The dress code for the Portuguese policia (police) was khak trousers, shirts and brown shoes with long khaki stockings. Some of the police posittions during the Portuguese regime were:
- Soldado: Constable
- Cabo: Head Constable
- Subchefe de Policia: Plice Sub Inspector
- Chefe de Policia : Police Inspector
- Agente de Policia: CID Police Inspector
- Comissario Adjunto: Deputy Commissioner
- Comissario: Commissioner
- 20 Comandante de Policia: Deputy Inspector General of Police
- Comandante de Policia : Inspector General of Police
The last four positions were given only to Europeans. The soldados or constables and cabos or head constables wore skintight short pants and short –sleeve shirts. The officers wore long trousers and long- sleeve shirts. All police personnel wore a police hat. Beginning with the cabo, each officer was given an Italian- brand Beretta pistol. The guards used German-brand Mausers rifles.
There was a cabo at Mapusa Quartel known as Cabo Sukddo, who hailed from Pernem. His close colleagues and friends greeted him as Rampa Sukddo! People feared him beacause he was pro- Portuguese- he provided information about the Azad Gomantak Dal to the Government.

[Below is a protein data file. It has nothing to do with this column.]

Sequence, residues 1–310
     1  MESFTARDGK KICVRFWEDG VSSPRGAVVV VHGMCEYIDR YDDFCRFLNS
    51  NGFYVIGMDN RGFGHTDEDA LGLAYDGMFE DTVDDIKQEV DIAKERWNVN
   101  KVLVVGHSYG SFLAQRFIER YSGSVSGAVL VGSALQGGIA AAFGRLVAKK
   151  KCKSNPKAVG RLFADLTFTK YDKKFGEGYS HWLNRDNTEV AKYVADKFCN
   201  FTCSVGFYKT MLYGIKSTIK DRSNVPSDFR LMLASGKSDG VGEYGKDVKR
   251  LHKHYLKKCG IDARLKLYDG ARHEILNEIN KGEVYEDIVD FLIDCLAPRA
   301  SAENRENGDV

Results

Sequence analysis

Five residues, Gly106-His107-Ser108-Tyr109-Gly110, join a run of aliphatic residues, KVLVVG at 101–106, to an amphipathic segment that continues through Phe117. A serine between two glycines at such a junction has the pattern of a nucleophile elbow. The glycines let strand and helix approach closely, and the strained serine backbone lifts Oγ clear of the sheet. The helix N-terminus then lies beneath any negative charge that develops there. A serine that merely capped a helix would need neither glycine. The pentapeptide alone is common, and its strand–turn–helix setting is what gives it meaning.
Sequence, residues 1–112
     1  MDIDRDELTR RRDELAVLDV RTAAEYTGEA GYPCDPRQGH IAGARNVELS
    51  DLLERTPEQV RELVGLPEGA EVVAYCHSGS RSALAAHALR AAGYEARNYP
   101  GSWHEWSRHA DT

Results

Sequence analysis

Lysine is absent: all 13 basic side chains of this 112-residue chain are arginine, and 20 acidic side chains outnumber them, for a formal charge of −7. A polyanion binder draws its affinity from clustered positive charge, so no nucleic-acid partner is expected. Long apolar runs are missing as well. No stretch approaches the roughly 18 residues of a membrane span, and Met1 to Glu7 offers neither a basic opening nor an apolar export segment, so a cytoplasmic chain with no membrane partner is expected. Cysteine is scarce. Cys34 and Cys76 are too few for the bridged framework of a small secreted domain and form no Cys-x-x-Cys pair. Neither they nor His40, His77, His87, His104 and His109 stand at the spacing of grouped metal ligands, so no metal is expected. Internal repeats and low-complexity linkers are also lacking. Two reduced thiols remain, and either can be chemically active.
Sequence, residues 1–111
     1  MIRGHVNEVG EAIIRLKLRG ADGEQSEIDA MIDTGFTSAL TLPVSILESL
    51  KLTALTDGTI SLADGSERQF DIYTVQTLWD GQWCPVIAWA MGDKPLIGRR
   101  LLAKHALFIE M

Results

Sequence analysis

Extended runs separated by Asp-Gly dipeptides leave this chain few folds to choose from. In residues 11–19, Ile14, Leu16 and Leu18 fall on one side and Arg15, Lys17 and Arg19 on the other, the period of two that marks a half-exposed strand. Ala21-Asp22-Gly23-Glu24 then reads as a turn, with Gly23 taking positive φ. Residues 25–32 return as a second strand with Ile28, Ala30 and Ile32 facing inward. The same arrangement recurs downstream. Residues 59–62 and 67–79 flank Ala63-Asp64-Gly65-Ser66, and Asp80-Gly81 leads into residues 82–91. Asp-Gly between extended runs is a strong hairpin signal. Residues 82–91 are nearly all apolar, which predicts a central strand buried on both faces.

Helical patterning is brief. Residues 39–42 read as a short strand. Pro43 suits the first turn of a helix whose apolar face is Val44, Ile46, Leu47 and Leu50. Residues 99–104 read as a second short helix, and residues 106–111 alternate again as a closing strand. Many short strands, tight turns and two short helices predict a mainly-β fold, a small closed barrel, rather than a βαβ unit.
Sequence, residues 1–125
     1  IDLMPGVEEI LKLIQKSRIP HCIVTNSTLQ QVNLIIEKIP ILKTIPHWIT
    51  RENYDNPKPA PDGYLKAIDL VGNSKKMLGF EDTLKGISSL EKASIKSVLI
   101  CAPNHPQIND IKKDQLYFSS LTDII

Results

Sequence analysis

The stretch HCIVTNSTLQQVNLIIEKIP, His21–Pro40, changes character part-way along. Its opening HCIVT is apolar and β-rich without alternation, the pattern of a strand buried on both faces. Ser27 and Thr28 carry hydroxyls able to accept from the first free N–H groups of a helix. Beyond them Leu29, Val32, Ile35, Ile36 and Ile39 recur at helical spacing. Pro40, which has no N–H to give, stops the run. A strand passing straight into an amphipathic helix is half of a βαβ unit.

On Liberation Day, some Khorlim residents wanted to get rid of him and Sanches, but of them managed to escape. They (Agostinho from Khorlim, Sirsat from Parra, who later served as a Security Officer in the Secretariat, and Teofilo from Mapusa, all now deceased) even came to Anjuna in a black Mercedes car loaded with dozens of hand grenades in the rear dicky but they did not find them in our village.
Police drivers in those days were very rough-they exited the Quartel with their jeeps like rockets! If we heard the accelerating sound of a jeep coming out from the Quartel, we would wait until it left and took off like an airplane! Cabo Sukddo was one of the rash drivers of the time.
The Quartel also had message carriers called pilotos (pilots), who carried messages on their motorcycles from Mapusa to Betim and then to their motorcycles in Panjim and vice-versa. Cabo Sukddo was one of the pilots; he rode a BSA motorcycle. Speaking of pilots, we now have motorcycle “pilots” in Goa, who transport people on their black – and- yellow two- wheeler motorcycle taxis.
One of my senior Escola Primaria mates, Innocente D’Souza from Chinvar, Anjuna, joined the then police station. He retired a few years ago as an ASI (Assistant Sub-Inspecto).
In the yesteryears, when the Quartel flag was taken down every evening at six, the police would play would play the bugle and immediately movement on the street came to a halt. Anyone who kept walking while the flag was being lowered was taken inside the Quartel and punished